Apart from saying, “The wifi password is…” there is no greater way of showing your deeply felt emotions for someone than by saying “I love you”. It won’t come as a surprise to non-French speakers that “I love you” in French is “je t’aime.” It’s just one of those phrases, like “Hello”, “Cheers” and “One beer, please” that we pick up in a foreign language. (“Guten tag”, “Skol” and “Una cerveza, por favor.”)
But as is often the case with the French language (the French people, France and everything French), things are more complicated than they might first appear. Let’s look at this phrase to discover its hidden trap.
je = I
te = you
aime = love … or like
Yes, the verb aimer means both “to love” and “to like”.
In a language of over 100,000 words, French has just ONE word for both “like” and “love”. This by anyone’s standards is confusing. Can you imagine if in English there was one word for “kiss” and “punch”? So that making the entirely reasonable statement, “I want to punch Piers Morgan” could be misinterpreted? Horrific.
But in fact it’s worse, far worse. In my made-up example, there could be no mix up because no one in the world could possibly want to kiss Piers Morgan – that would be insane. However, “love” and “like” are close enough to be confused, especially at the delicate beginning stages of a relationship. Can you imagine a situation where a new boyfriend says he loves you and not knowing if he meant “love” or “like”.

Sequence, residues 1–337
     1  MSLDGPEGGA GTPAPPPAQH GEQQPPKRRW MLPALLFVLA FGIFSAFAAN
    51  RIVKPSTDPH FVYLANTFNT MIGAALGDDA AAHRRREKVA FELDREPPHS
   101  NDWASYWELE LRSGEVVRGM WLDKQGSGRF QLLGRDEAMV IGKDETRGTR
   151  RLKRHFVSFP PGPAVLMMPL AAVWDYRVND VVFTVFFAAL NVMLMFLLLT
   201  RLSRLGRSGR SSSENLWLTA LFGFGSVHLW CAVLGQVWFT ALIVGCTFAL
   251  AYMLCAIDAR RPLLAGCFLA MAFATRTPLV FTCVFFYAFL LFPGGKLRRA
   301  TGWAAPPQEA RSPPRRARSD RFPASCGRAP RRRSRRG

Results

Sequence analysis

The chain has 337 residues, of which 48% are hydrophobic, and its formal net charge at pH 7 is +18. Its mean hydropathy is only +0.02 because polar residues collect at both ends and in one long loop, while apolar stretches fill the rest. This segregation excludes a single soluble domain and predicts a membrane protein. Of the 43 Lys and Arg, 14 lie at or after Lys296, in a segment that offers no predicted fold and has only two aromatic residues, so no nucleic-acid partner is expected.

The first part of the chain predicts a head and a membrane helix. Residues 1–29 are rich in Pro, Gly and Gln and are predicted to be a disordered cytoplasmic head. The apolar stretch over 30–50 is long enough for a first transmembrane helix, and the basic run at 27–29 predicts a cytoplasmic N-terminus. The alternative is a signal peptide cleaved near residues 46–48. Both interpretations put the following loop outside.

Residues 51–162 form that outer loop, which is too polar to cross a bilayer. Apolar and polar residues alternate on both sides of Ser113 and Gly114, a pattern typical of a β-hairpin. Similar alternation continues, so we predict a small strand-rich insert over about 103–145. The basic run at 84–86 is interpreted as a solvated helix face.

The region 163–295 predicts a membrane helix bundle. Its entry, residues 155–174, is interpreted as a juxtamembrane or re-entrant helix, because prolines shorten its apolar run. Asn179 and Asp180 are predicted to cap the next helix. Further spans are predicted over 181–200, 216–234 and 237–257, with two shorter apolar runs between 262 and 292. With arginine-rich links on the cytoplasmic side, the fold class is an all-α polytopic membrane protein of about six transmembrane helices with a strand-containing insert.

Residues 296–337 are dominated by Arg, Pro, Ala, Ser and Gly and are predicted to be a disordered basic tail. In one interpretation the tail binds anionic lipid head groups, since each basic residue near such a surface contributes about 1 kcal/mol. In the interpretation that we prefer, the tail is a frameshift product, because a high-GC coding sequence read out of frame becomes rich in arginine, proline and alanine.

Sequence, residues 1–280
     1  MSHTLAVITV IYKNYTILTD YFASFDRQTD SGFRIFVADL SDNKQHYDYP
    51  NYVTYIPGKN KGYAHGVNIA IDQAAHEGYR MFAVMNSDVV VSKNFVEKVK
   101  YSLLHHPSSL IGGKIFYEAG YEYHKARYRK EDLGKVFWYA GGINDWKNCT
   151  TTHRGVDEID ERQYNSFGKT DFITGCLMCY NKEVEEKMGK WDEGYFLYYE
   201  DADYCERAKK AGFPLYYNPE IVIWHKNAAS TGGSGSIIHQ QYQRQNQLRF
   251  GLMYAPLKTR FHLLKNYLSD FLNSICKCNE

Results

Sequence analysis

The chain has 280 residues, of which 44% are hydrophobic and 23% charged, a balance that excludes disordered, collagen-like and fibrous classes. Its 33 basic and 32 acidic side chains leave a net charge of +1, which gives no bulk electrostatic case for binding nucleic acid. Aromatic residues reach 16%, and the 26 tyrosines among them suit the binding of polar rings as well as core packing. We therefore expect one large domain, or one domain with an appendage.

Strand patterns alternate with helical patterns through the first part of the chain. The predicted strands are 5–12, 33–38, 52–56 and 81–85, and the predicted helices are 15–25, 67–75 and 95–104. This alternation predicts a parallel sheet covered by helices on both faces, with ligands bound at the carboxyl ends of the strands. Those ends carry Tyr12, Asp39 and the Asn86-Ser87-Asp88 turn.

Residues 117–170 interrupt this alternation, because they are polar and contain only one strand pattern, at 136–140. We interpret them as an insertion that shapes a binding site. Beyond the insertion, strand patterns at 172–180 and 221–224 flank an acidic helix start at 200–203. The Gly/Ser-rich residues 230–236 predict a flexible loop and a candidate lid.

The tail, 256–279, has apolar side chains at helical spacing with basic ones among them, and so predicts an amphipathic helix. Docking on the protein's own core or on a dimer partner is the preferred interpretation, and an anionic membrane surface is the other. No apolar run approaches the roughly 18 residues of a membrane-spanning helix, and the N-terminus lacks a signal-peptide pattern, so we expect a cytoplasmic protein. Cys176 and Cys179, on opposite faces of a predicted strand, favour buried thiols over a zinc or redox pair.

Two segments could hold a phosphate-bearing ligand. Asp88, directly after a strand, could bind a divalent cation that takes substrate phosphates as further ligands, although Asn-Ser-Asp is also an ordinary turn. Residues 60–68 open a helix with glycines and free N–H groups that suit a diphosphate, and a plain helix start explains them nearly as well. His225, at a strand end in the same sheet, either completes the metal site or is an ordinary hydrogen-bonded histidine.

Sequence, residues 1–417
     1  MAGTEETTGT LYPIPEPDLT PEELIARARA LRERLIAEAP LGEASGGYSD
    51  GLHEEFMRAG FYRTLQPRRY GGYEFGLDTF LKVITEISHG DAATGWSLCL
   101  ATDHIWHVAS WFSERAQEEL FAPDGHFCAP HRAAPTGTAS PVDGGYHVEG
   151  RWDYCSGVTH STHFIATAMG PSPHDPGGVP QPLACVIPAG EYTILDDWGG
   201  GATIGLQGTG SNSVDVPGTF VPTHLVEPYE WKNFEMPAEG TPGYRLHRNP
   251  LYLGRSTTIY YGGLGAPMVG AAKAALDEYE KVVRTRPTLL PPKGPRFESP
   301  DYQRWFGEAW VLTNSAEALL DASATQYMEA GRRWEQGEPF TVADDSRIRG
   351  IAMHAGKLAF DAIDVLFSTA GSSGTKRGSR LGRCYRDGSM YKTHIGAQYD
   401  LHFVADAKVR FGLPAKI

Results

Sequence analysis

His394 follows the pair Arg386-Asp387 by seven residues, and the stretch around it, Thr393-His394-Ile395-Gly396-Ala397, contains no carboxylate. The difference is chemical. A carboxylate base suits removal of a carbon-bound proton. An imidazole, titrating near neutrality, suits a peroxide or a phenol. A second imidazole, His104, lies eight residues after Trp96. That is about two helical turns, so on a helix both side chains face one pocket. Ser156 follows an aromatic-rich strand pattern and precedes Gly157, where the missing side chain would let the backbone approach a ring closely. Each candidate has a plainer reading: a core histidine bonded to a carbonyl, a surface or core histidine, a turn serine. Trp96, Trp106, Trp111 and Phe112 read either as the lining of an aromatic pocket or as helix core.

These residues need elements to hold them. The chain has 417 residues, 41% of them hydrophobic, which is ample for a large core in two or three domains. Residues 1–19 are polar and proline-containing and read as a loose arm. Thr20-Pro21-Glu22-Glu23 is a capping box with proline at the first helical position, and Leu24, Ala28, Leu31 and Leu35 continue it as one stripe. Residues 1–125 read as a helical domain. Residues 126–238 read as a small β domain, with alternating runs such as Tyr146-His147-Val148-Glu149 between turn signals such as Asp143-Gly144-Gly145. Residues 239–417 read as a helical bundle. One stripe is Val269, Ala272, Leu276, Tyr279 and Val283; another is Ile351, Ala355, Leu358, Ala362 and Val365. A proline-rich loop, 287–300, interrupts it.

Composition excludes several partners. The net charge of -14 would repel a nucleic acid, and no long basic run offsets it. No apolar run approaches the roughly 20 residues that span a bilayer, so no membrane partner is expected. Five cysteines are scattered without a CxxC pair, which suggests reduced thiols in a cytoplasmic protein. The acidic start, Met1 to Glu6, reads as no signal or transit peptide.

Don’t worry though, because the French have come up with a genius* way of distinguishing between the two meanings of aimer, and it involves using the word beaucoup.
If you’re at the top of the class, you will know that beaucoup means “a lot”. It therefore follows that saying “Je t’aime beaucoup” means “I love you a lot” and is what you should say to your romantic interest to avoid them thinking you mean “like”.
NO. That would be logical but in fact it means the opposite.
“Je t’aime beaucoup” means “I like you a lot”. Saying it to a friend is fine, excellent in fact. But use the same phrase on a lover and instead of increasing the amount of love you’re expressing, you’re actually reducing it. It’s the same if you say, “je t’aime bien” or “je t’aime vraiment” – both express varying degrees of liking, not loving, someone.
(Let’s take a moment here to appreciate the subtleties of the French language while hitting our heads with heavy blunt objects.)
The key to saying “I love you” in French is to keep it simple. The words “je t’aime” are all you need. When expressing love in French, less really is more.
And if you want to say “I love you so much“? Don’t. Or rather, find some other way of expressing it… like flowers, French kissing or emoticons.
UPDATE: Apparently you can say “I love you so much” in French by saying “je t’aime tellement.” Thank you, Arnaud. It’s a good phrase to know before Valentine’s!
Have you ever had a misunderstanding when saying “I love you” in French? Or anything else for that matter! Tell us in the comments. And please share if you’ve enjoyed 🙂